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A.S. Byatt - The Children's Book Legolas Send a noteboard - 08/12/2010 08:58:34 PM
It is, as I don't need to tell most of you, a little daunting to write a review of a book previously reviewed on this board by Larry and Camilla. Particularly since I have yet to read a Byatt book that made me feel like I understood all of it, and I see both of those reviews discussed - different - aspects of this book that I hadn't even really noticed or given much thought to. Still, I will endeavour to write my own review and try to focus on things not yet mentioned in too much detail in the other reviews. Fortunately, Byatt being the genius she is (yes, I am a fanboy, this is not news), this book has enough depth and different aspects to make that possible.

For those who haven't read either of those other reviews and have no idea what this book is about, I'll summarize, as much as a book like this can be summarized. It tells the stories of a number of (mostly) British families in the period from 1894 to the end of the First World War, mostly the stories of the children (no surprise there, considering the title). And through and inbetween those, the story of that period in European history up to the Great War, known by a number of names - Fin de Siècle (end of the century) and Belle Epoque (beautiful era) being perhaps the most fitting. That period will forever be remembered as the calm before the storm, remembered as much brighter than it really was due to the contrast with the monstrosities of the war that followed. The war takes up only a small part of the book - forty pages out of more than six hundred, in my copy - but, just like the real one did, has a powerful, distorting impact on the memory of everything that came before.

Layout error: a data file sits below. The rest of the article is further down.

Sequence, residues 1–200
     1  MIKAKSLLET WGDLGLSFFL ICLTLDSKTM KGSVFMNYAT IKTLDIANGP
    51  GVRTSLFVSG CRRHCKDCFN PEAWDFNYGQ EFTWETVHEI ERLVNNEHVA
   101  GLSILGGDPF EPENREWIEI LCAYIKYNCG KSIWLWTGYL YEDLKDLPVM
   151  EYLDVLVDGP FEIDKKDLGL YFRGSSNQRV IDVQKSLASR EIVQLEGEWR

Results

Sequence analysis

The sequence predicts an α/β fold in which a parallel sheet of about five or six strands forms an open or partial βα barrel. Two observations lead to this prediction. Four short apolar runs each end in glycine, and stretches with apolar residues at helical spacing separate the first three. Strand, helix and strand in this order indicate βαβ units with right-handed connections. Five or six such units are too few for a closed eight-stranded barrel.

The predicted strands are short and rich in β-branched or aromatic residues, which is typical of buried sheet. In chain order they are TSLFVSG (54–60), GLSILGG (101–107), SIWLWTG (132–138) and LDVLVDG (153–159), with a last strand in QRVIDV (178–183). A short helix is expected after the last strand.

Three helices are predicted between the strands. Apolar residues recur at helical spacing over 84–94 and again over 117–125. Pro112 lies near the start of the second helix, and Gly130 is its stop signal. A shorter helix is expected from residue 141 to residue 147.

Byatt's books are almost invariably very much focused on Britain, displaying her encyclopedic knowledge of everything British of the past century and a half. This one is not really different in that regard, but it is easily the most international - albeit still European - book of hers I've read, with a particularly deft treatment of the complicated relationship between Britain and Germany prior to the war. An impressive amount of notable Britons of the era make their appearance - some just in the historical asides, others in cameos in the main story - but many non-Britons also appear, like August Rodin, Carl Gustav Jung, Kaiser Wilhelm and many others. Those historical asides might, I suppose, be irritating to some, but they are often extremely interesting and unexpected, and they form an essential part of Byatt's attempt to catch the era on paper.